Refusing to be enemies

The nonviolent resister not only refuses to shoot his opponent but he also refuses to hate him. — Martin Luther King Jr., Stride Toward Freedom (1958)

VeehouderIt annoys me to no end: anoth­er veg­an who gets sen­ti­men­tal about a cow that is going to be killed. Believe me, no one loves my ani­mals more than I do. I work more than 100 hours a week just to stay afloat. That is not easy, because the super­mar­kets have us in a head­lock. We get paid less and less for the milk and the meat.

The fact that ani­mal prod­ucts get bad pub­lic­i­ty does not make things bet­ter. My grand­fa­ther and father have worked this land, and the last thing I want to do is give up our busi­ness.”
*VeganI have been veg­an for a num­ber of years now and it strikes me that on the inter­net, veg­ans often depict cat­tle farm­ers as the ene­my. I don’t want to take part in that. A human being can nev­er be my ene­my, because the com­pas­sion that inspires me to be a veg­an is not lim­it­ed to ani­mals.

In prac­tice, this is more dif­fi­cult than it may sound. I am con­vinced that keep­ing ani­mals for our own pur­pos­es is a great injus­tice. This is not just an opin­ion, but some­thing that I feel with every fiber of my being. It makes it dif­fi­cult to have an atti­tude of love towards peo­ple who sep­a­rate calves from their moth­er with­out their con­science play­ing up.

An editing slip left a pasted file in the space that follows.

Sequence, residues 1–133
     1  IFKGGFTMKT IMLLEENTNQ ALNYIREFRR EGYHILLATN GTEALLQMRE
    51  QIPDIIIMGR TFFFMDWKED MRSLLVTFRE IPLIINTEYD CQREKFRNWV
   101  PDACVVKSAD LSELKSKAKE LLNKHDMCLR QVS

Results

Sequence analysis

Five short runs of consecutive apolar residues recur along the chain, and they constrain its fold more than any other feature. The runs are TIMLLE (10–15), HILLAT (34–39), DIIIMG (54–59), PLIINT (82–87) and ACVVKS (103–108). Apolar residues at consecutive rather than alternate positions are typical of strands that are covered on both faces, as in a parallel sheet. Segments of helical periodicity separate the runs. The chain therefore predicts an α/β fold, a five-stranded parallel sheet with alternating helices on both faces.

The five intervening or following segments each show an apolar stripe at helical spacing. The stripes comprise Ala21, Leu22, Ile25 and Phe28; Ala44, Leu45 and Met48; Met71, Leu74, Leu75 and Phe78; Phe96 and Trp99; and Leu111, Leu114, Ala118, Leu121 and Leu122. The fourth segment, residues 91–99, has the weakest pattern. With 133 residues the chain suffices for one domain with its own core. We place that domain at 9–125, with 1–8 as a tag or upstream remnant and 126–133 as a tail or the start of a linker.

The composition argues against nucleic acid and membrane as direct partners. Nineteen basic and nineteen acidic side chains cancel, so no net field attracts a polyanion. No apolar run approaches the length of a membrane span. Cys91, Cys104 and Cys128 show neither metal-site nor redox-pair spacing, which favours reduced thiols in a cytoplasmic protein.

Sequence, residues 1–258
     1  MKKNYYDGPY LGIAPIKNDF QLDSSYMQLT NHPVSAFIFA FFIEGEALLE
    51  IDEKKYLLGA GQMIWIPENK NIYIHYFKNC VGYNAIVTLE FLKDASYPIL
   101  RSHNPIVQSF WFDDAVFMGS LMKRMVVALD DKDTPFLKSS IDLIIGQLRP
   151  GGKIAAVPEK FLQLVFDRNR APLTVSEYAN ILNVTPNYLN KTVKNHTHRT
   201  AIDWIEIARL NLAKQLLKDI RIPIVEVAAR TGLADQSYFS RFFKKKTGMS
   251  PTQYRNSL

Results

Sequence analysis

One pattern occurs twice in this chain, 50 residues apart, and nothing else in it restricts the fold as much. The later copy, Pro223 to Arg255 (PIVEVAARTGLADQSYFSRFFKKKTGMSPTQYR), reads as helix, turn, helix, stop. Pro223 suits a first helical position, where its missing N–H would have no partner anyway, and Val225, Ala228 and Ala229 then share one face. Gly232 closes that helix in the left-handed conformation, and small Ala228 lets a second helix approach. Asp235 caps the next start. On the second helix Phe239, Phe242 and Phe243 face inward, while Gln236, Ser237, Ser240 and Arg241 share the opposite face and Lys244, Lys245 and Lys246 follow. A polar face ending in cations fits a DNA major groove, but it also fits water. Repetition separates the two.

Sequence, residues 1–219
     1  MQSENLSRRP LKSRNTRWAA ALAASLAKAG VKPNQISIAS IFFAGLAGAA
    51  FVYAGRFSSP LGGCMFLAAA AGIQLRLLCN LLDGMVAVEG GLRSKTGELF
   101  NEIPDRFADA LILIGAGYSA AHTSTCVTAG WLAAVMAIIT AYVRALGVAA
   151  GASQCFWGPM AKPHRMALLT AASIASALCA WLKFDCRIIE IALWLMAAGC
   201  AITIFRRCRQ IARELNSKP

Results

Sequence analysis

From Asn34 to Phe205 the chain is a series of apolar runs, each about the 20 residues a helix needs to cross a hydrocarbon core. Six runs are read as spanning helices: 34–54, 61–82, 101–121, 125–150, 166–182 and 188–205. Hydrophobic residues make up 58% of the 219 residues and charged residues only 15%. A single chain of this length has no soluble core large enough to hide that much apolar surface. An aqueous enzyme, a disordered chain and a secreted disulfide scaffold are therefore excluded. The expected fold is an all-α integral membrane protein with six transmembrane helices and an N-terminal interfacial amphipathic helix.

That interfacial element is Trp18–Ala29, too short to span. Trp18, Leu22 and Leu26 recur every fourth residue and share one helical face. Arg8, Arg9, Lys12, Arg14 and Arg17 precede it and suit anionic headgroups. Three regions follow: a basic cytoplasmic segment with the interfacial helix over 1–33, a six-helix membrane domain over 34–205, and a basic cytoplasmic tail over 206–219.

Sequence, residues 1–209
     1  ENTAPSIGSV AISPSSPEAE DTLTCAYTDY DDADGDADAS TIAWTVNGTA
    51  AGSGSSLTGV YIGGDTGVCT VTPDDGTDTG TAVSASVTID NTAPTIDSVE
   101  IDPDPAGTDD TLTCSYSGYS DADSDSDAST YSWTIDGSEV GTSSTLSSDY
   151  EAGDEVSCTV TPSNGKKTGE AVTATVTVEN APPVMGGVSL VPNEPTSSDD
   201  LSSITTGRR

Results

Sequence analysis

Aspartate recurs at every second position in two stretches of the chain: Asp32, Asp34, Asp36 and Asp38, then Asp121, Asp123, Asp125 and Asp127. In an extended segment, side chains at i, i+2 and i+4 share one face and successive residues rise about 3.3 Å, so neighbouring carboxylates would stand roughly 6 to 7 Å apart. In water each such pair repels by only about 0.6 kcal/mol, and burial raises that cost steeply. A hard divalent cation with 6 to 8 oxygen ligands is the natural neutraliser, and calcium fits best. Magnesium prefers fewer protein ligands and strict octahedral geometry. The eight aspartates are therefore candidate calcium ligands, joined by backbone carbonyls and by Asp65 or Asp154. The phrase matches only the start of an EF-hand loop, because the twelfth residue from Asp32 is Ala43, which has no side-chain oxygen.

This atti­tude of love is only pos­si­ble if we see peo­ple as per­sons, and do not dis­miss each oth­er like “all farm­ers are heart­less,” or “anoth­er naive veg­an.” Gand­hi, who fought against the cru­el regime of the British, wrote: “It is quite prop­er to resist and attack a sys­tem, but to resist and attack its author is tan­ta­mount to resist­ing and attack­ing one­self.” This dis­tinc­tion between the sys­tem and the peo­ple who work in it is cru­cial.

Our cur­rent food pro­duc­tion sys­tem is based on the exploita­tion of the earth and ani­mals. That sys­tem is my ene­my, not the live­stock farm­ers. This does not alter the fact that I hope that live­stock farm­ing will even­tu­al­ly fade out of exis­tence. But I also hope that we can have a con­ver­sa­tion about this.

The dis­con­nect between con­sumers and food pro­duc­tion is caus­ing a lot of igno­rance among veg­ans, and frus­tra­tion among farm­ers. I want to try to real­ly see the peo­ple who do not share my ideals, and under­stand their posi­tion. The fic­tion­al remarks from the farmer that start­ed this post are a way to prac­tise with this. I think it’s time for a dia­logue between veg­ans and farm­ers. In a lat­er post, I hope to share some top­ics that could be part of this con­ver­sa­tion.

*

Some advice from Thich Nhat Hanh as a bonus:

When you begin to see that your ene­my is suf­fer­ing, that is the begin­ning of insight. When you see in your­self the wish that the oth­er per­son stop suf­fer­ing, that is a sign of real love. But be care­ful. Some­times you may think that you are stronger than you actu­al­ly are. To test your real strength, try going to the oth­er per­son to lis­ten and talk to him or her, and you will dis­cov­er right away whether your lov­ing com­pas­sion is real. You need the oth­er per­son in order to test. If you just med­i­tate on some abstract prin­ci­ple such as under­stand­ing or love, it may be just your imag­i­na­tion and not real under­stand­ing or real love.

Sources

  • M.K. Gand­hi, An auto­bi­og­ra­phy: The sto­ry of my exper­i­ments with truth (book)
  • Thich Nhat Hanh, Peace is every step: The path of mind­ful­ness in every­day life (book)
  • I bor­rowed the title Refus­ing to be ene­mies from a book about non-vio­lent resis­tance in Israël, with the sub­ti­tle: Pales­tin­ian and Israeli Non­vi­o­lent Resis­tance to the Israeli Occu­pa­tion.